The idea of finding a safe haven in turbulent financial times such as these is that conditions in your home currency are sufficiently “challenging” that your investments held in that currency will depreciate, and you are looking for a solution which will, at least, protect the value of your assets.
Japan is the world’s third largest economy and one of the world’s leading exporting nations. It’s a democracy, fervently capitalist and it’s stable. The perception of being both stable and successful are the two key factors to a country being on the short list of safe haven currencies. Alternative popular choices are Switzerland (Swiss Franc) and Australia (Australian Dollar).
Whilst Japan’s progress since emerging from the destruction of World War II has been little short of miraculous and established it as the world’s second largest economy behind the USA for many years until it was eclipsed by China last year, there are many disquieting facts. Firstly, Japan is currently in recession; the economy having contracted in Q4 2010 and ever since (not least because of the devastating natural disaster which struck the nation in March). Secondly, it has battled with deflation for nearly two decades – falling prices suppress domestic demand. Thirdly, it faces a demographic time bomb as its population ages and retires, driving up social costs such as healthcare and retirement provision. Fourthly, the very fact that the Yen is a safe haven currency has forced it higher against all of its major trading partner currencies, making Japanese exports more costly in importing markets and diminishing profits from overseas businesses when they are repatriated to Japan. As recently as July 2008, the Euro was buying ¥170; currently it is recovering from a low of ¥102.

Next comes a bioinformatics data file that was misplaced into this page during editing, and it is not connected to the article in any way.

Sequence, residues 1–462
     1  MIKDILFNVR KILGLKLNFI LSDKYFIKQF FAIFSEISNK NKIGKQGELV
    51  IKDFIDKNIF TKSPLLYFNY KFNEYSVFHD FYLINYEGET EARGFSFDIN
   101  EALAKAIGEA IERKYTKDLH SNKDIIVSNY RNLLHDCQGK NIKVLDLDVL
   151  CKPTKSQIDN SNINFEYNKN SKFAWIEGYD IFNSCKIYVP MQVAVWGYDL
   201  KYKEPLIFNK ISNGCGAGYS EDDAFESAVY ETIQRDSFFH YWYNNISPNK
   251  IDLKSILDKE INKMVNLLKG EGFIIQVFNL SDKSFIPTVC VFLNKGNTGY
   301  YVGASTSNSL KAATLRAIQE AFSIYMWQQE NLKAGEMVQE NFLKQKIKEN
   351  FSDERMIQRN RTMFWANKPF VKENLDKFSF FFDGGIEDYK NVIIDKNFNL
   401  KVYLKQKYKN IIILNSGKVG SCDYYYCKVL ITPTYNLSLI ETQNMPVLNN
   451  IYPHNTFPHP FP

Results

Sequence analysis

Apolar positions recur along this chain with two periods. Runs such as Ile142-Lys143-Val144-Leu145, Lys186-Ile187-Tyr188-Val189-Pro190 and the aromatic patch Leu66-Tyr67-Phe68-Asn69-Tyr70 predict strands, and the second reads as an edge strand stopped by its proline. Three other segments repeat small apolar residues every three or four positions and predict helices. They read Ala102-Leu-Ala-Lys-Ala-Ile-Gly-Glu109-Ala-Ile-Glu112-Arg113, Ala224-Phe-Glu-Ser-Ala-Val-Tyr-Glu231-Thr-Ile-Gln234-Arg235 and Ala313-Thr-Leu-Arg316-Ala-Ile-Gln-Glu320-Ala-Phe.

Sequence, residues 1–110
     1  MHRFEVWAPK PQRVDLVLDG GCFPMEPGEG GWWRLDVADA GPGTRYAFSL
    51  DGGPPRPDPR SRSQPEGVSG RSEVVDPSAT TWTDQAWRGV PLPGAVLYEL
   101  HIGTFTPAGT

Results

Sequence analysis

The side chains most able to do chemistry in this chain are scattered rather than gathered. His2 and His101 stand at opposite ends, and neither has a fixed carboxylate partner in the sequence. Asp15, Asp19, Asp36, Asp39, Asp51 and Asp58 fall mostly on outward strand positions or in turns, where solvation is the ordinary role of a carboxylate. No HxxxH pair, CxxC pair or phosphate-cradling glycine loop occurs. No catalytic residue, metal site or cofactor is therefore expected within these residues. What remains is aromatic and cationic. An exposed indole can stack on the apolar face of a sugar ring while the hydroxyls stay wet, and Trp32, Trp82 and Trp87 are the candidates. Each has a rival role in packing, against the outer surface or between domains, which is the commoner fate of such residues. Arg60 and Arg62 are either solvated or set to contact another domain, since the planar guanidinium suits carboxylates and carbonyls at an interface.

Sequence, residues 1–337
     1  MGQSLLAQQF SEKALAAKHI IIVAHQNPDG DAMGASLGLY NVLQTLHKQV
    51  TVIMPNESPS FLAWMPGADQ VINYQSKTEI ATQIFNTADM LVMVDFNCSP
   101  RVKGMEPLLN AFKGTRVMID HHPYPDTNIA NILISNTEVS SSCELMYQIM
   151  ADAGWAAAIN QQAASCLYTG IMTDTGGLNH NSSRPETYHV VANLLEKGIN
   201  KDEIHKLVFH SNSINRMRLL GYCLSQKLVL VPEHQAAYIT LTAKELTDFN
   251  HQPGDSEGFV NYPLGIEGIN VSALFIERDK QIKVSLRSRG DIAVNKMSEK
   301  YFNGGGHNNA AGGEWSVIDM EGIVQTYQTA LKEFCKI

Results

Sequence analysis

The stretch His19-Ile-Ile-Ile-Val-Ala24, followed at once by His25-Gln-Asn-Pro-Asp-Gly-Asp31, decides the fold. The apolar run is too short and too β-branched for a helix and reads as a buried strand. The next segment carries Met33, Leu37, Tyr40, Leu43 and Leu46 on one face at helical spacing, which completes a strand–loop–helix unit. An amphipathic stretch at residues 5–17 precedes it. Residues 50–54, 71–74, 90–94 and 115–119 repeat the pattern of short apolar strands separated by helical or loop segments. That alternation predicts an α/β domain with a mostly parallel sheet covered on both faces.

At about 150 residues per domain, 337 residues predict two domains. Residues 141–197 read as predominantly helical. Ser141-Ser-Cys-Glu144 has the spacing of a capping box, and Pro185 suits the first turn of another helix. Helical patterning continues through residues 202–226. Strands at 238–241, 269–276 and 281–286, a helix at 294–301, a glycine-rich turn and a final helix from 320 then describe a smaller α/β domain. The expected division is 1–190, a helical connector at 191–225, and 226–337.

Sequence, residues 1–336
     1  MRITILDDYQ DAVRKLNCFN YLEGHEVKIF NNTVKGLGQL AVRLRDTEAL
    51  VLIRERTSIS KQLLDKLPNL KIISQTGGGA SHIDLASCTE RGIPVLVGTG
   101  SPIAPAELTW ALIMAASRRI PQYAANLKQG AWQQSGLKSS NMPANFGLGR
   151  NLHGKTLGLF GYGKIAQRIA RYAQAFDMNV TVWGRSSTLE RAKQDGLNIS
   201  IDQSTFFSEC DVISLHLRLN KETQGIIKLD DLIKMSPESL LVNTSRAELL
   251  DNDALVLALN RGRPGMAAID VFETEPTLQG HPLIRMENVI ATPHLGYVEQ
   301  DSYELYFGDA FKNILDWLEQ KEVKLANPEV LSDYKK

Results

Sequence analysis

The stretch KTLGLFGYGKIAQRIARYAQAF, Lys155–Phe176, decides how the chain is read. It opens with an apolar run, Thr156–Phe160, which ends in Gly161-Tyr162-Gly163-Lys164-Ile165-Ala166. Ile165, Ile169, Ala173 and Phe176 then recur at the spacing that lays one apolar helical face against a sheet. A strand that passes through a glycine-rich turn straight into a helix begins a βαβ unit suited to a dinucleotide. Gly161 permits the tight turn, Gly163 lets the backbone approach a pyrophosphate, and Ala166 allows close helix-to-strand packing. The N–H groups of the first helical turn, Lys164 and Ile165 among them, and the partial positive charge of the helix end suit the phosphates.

The reason for the inexorable rise of the Yen against the Euro is the continuing sovereign debt crisis in the Eurozone. However, Japan owes more than 25 times more money than Greece does – its debt is estimated at 200% of GDP. The bubble is going to burst sooner or later.